Victims of alleged land-grabs by the Cambodian state filed a complaint Tuesday with the International Criminal Court (ICC) at The Hague asking that the body investigate their evictions as a crime against humanity.
The complaint, submitted by Richard Rogers -- a lawyer who formerly worked at the Khmer Rouge war crimes tribunal -- accuses the current Cambodian government, or “ruling elite,” of illegally seizing thousands of hectares of valuable land and redistributing it to government cronies or corporations, and of violently cracking down on those who resist eviction.
“There is a reasonable basis to believe that members of the Ruling Elite have committed, aided and abetted, ordered and/or incited the crimes of forcible transfer, murder, illegal imprisonment, other inhumane acts,” the filing states.
“These crimes form part of a widespread and systematic attack against the civilian population, pursuant to a State policy, and amount to crimes against humanity.”
Rights organizations believe 770,000 Cambodians have been evicted from their land and that about 400,000 hectares have been confiscated.
“In furtherance of its objective of self-enrichment, the Ruling Elite have committed forcible transfer, murder, illegal imprisonment, other inhumane acts, and persecution,” the filing states.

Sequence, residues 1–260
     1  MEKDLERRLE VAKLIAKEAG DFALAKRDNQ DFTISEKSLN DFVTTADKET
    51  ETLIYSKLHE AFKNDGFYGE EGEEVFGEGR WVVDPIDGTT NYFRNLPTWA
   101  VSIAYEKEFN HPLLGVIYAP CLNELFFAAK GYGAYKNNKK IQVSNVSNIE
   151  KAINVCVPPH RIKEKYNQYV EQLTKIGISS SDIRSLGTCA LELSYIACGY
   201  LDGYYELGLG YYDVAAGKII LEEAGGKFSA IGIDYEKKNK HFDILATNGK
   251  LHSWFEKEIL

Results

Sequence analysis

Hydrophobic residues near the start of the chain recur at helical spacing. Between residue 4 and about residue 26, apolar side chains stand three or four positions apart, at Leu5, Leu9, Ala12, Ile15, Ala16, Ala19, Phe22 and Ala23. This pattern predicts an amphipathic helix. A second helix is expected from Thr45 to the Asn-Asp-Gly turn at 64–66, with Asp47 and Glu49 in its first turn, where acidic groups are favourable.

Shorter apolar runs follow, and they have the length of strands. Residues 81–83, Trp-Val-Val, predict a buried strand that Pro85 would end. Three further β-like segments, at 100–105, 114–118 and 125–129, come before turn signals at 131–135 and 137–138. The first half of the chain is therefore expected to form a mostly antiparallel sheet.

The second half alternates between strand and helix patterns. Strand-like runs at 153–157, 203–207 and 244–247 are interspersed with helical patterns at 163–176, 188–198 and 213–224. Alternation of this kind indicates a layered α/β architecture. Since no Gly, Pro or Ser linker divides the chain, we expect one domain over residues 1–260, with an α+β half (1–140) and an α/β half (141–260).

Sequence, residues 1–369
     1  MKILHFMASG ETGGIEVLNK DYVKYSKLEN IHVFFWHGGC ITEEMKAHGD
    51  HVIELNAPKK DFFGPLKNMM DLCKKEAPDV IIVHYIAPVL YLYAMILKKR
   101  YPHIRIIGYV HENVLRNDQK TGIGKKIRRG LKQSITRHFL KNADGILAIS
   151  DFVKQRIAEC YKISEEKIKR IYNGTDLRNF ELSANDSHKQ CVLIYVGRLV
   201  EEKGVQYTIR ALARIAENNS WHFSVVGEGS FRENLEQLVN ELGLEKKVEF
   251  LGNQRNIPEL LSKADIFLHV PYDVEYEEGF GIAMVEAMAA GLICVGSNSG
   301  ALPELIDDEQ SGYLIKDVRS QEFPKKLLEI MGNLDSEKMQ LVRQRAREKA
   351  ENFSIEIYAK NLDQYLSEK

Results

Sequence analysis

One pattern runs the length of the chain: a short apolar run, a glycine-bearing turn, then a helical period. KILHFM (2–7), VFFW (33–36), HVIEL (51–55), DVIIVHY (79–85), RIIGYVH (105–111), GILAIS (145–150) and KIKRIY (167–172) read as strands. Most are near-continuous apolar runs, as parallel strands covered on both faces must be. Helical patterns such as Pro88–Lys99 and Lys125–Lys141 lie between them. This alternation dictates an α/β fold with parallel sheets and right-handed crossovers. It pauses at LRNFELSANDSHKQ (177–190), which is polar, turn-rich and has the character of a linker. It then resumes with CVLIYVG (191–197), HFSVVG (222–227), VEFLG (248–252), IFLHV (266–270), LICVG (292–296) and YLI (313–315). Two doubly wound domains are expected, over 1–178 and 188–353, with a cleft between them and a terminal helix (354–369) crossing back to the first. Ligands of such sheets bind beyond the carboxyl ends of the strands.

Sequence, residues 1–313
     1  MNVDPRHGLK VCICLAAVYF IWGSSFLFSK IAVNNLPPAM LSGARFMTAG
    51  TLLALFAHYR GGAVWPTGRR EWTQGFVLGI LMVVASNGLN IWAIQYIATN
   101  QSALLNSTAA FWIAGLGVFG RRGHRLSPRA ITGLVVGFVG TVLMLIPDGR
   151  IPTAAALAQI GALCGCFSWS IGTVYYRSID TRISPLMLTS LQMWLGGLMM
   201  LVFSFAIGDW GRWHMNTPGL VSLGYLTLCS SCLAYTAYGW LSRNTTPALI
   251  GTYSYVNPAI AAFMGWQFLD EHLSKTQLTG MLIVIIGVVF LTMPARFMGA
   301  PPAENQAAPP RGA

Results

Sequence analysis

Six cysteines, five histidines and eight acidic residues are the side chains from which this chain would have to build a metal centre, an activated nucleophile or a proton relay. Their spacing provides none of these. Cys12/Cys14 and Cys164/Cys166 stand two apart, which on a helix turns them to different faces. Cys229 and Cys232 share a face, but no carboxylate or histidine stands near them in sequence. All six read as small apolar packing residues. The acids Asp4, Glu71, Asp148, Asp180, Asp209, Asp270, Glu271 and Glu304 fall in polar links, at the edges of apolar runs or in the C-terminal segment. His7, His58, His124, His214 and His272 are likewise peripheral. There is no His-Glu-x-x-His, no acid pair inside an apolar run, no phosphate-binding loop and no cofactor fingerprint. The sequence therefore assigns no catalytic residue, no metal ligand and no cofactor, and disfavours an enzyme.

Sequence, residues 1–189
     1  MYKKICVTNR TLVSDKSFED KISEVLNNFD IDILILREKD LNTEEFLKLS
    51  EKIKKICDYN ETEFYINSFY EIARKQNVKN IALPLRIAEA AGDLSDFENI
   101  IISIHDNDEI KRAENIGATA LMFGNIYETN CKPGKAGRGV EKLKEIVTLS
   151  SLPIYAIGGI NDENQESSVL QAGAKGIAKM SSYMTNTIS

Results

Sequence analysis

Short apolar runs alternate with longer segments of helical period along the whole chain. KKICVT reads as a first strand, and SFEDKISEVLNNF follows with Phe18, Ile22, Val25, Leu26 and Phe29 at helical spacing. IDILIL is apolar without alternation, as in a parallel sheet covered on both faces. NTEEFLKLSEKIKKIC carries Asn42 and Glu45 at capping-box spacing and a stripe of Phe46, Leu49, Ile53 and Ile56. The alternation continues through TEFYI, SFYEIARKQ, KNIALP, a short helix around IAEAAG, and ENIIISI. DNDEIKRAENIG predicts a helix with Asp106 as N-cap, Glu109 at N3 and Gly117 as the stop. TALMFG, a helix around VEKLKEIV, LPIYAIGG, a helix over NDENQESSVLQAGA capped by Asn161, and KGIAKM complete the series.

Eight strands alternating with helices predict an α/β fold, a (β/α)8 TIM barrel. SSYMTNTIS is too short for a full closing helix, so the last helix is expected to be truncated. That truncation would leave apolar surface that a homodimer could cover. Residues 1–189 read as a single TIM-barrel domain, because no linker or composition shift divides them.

“Once displaced, many evictees have been forced to live in squalid conditions and have suffered from food insecurity and life-threatening illnesses as the authorities omit to provide adequate housing, healthcare, or sanitation, in full awareness of the consequence,” it continues.
The ICC will now have to decide whether to order an investigation.
The seizure of land from rural smallholders and ethnic minority villagers by the state or corporations has long been one of the most contentious issues in the country, and widely condemned by the international community.
Violent land evictions, often with the help of state security forces, have mobilized many victims in recent years and seen large protests.
While many evictions occur in the rural areas - with poor farmers relocated to make way for rubber or sugarcane plantations - one of the most high profile cases in recent years was at Beong Kak lake in central Phnom Penh, where thousands of families were violently evicted to make way for a real estate project by a ruling party senator.
The World Bank subsequently halted funding to Cambodia over the issue.
In 2012, Prime Minister Hun Sen put a moratorium on the granting of new concessions and established a land-titling program that has seen many Cambodians granted titles to protect their land.
However, critics have said the process lacked transparency and the moratorium never fully took effect.
Phay Siphan, a chief government spokesman, dismissed The Hague complaint as “political,” saying that the country’s opposition Cambodia National Rescue Party was involved with it.
“Those allegations don’t have any solid ground. It’s not strong enough,” he said, adding that only a small number of complaints had been filed with local courts --1,263.
Likewise, he maintained, Cambodia’s own harrowing past was reason enough for the government to be wary of mass evictions. In the 1970s when the ultra-Maoist Khmer Rouge took over the country, they forced all urban dwellers to move into the countryside to work as peasant farmers. More than 1.7 million people were killed or died of starvation under the 4-year regime.
“We learned a lot from the 1970s,” Siphan said.